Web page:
Snow, rain play havoc with travel

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Snow, rain play havoc with travel

Chen Mingshu (left), 47, takes his two-year-old granddaughter back to their hometown in Sichuan province, at the Beijing Railway Station Sunday. [Wang Jing/China Daily]

The weather refused to cooperate yesterday as the country entered its peak traffic season with millions on the move home.

Over the weekend, snow and heavy fog hit northern China, closing expressways and delaying flights. And meteorologists are forecasting bad weather to sweep across the country in the week ahead.

About 2.5 billion trips are expected to be made over the 40 days from Jan 30, as people rush home for family reunions and celebrations during the week-long Spring Festival holiday, which starts Saturday, the eve of the lunar New Year.

The transport authority reported that traffic began to surge yesterday, burdening the country's railways, roads and airports.

The Ministry of Railways said some 5 million passengers took trains on Saturday and yesterday. Railway stations in Beijing, Shanghai and Guangzhou handled more than 200,000 passengers each day.

Some 63 million people took long-distance buses and ships home each day over the weekend, the Ministry of Transport estimated.

The number of passengers taking flights also grew so fast yesterday that belts transporting luggage from a check-in counter in Terminal 3 at the Beijing Capital International Airport broke down.

"The straps became overheated and produced smoke around 1 pm. But the trouble was soon solved and we opened new check-in counters to handle passengers. Order has resumed at the terminal," an airport spokesman said.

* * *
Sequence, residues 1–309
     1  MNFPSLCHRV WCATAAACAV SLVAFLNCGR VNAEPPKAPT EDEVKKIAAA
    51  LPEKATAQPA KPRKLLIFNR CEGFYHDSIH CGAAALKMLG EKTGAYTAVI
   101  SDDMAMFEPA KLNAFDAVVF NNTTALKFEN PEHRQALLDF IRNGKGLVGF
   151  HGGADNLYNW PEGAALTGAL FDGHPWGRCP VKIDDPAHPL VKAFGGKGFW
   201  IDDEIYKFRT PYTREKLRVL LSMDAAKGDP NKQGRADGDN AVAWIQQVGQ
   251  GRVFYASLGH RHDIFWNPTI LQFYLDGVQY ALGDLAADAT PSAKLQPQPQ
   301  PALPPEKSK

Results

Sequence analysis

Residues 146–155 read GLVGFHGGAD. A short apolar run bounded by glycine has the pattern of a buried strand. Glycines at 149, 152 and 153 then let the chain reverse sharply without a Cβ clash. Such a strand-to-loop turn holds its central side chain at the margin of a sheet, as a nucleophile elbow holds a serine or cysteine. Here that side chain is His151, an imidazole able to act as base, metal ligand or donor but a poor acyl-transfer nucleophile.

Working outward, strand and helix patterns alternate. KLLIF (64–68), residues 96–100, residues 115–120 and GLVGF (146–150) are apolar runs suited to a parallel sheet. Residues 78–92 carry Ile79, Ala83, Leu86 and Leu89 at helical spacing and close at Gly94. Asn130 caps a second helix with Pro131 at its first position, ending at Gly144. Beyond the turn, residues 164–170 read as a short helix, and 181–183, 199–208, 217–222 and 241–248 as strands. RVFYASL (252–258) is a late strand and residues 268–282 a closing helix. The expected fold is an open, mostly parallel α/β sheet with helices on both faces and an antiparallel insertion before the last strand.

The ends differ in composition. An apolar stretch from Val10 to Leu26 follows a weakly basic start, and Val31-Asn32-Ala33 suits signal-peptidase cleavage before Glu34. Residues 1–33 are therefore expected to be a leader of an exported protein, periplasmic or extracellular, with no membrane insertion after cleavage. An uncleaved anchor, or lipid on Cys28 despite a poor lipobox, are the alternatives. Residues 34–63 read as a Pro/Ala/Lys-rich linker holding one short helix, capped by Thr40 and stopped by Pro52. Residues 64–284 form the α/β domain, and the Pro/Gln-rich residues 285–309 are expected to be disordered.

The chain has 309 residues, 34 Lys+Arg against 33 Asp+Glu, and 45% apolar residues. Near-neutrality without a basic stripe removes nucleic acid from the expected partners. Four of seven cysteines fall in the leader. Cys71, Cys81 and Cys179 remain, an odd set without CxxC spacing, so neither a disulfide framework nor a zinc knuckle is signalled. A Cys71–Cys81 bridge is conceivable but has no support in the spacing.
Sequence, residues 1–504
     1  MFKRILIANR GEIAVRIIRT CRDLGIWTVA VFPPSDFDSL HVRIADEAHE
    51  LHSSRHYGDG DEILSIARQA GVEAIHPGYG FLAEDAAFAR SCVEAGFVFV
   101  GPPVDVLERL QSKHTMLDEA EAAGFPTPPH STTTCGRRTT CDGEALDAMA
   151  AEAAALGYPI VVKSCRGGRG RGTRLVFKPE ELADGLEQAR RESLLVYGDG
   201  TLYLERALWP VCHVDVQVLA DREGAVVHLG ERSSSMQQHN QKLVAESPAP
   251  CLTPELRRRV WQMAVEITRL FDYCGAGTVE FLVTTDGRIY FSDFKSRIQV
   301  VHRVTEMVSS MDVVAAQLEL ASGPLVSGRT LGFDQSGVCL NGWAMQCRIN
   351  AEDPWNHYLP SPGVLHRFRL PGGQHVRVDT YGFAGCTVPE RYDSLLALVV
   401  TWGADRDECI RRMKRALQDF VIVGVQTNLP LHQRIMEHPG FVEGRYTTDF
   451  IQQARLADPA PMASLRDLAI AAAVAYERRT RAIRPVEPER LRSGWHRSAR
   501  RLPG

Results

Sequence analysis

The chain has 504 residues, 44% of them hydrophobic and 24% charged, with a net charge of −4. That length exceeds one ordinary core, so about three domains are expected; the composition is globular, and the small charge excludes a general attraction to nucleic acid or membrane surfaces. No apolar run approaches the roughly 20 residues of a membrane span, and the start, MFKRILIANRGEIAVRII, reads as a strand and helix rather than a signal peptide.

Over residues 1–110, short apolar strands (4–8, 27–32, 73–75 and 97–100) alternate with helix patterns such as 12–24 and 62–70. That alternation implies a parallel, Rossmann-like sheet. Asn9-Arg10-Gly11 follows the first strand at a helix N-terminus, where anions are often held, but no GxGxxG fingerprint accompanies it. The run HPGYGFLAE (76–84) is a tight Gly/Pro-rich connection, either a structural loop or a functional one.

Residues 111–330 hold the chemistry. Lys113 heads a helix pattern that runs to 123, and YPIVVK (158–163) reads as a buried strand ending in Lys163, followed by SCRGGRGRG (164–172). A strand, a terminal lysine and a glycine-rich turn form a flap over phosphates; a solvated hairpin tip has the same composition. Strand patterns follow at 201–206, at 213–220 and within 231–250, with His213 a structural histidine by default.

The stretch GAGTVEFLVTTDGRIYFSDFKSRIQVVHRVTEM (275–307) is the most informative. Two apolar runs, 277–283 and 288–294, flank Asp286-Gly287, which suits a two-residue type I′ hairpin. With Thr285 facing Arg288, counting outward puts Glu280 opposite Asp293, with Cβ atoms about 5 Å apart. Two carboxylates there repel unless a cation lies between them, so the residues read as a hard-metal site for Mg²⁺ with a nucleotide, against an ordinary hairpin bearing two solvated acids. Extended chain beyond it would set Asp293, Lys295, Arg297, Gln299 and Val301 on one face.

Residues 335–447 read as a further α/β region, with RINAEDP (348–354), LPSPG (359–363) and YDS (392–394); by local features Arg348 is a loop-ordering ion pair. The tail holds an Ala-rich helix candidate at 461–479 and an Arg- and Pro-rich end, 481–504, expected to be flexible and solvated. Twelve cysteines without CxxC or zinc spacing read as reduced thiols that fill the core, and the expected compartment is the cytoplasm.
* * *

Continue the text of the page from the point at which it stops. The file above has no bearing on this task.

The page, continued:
Ten freeways were closed yesterday because of snow and fog in Shanxi, Hebei, Henan and Liaoning provinces, causing delays at some long-distance bus stations, state broadcaster CCTV reported yesterday.

Due to the shut-down, Beijing's Liuliqiao bus hub said some buses from Hebei and Shanxi provinces to Beijing would be delayed for three to four hours.

Snow and ice caused at least 21 flights to be canceled and 64 flights delayed at the Beijing Capital International Airport by noon yesterday.

Meteorologists warned that such delays at bus stations and airports could only get worse because of a strong cold snap that will hit most parts of the country this week.

Qiao Lin, chief forecaster with the National Meteorological Center, said from today to Friday, rain and fog will hit central and east China, while lingering snowstorms will sweep northeast and north China.

On Thursday and Friday, freezing rain, which caused chaos during the Spring Festival traffic peak in 2008, is likely to hit Guizhou and the northwestern part of the area to the south of the Yangtze River. Most parts of the country will experience a temperature drop of 6 to 8 C, he said.

As the period coincides with the busiest time for the country's transport system, he warned travelers and transport departments to be prepared for bad weather.

"Nothing can be done about this weather. All I can do now is pray," said Li Zhenzhen, who works in Beijing and plans to leave for home in Henan province on Friday.

Wang Yongping, spokesman for the Ministry of Railways, said that the ministry has urged local bureaus to strengthen check-ups on locomotives, trains, tracks and the electricity network in a bid to ensure no breakdowns in the abnormal weather. Emergency plans will also be implemented during the bad weather.

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